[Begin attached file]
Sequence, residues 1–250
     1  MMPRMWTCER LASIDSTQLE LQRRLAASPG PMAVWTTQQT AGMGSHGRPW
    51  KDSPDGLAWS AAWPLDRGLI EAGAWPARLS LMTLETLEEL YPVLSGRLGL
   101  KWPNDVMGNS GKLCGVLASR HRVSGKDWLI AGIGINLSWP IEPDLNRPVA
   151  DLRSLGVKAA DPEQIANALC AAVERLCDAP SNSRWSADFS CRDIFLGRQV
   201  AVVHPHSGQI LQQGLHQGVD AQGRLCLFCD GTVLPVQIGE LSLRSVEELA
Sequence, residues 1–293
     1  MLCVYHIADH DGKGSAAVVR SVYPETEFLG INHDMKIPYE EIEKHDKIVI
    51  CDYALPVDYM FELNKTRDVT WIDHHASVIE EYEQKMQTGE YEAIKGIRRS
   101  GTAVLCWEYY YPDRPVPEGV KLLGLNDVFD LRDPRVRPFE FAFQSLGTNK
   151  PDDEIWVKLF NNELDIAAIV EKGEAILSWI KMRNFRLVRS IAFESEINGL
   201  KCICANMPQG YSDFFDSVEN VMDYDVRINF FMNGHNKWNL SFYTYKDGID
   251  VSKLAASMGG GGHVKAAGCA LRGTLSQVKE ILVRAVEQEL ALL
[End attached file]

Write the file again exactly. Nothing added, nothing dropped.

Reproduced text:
Sequence, residues 1–250
     1  MMPRMWTCER LASIDSTQLE LQRRLAASPG PMAVWTTQQT AGMGSHGRPW
    51  KDSPDGLAWS AAWPLDRGLI EAGAWPARLS LMTLETLEEL YPVLSGRLGL
   101  KWPNDVMGNS GKLCGVLASR HRVSGKDWLI AGIGINLSWP IEPDLNRPVA
   151  DLRSLGVKAA DPEQIANALC AAVERLCDAP SNSRWSADFS CRDIFLGRQV
   201  AVVHPHSGQI LQQGLHQGVD AQGRLCLFCD GTVLPVQIGE LSLRSVEELA
Sequence, residues 1–293
     1  MLCVYHIADH DGKGSAAVVR SVYPETEFLG INHDMKIPYE EIEKHDKIVI
    51  CDYALPVDYM FELNKTRDVT WIDHHASVIE EYEQKMQTGE YEAIKGIRRS
   101  GTAVLCWEYY YPDRPVPEGV KLLGLNDVFD LRDPRVRPFE FAFQSLGTNK
   151  PDDEIWVKLF NNELDIAAIV EKGEAILSWI KMRNFRLVRS IAFESEINGL
   201  KCICANMPQG YSDFFDSVEN VMDYDVRINF FMNGHNKWNL SFYTYKDGID
   251  VSKLAASMGG GGHVKAAGCA LRGTLSQVKE ILVRAVEQEL ALL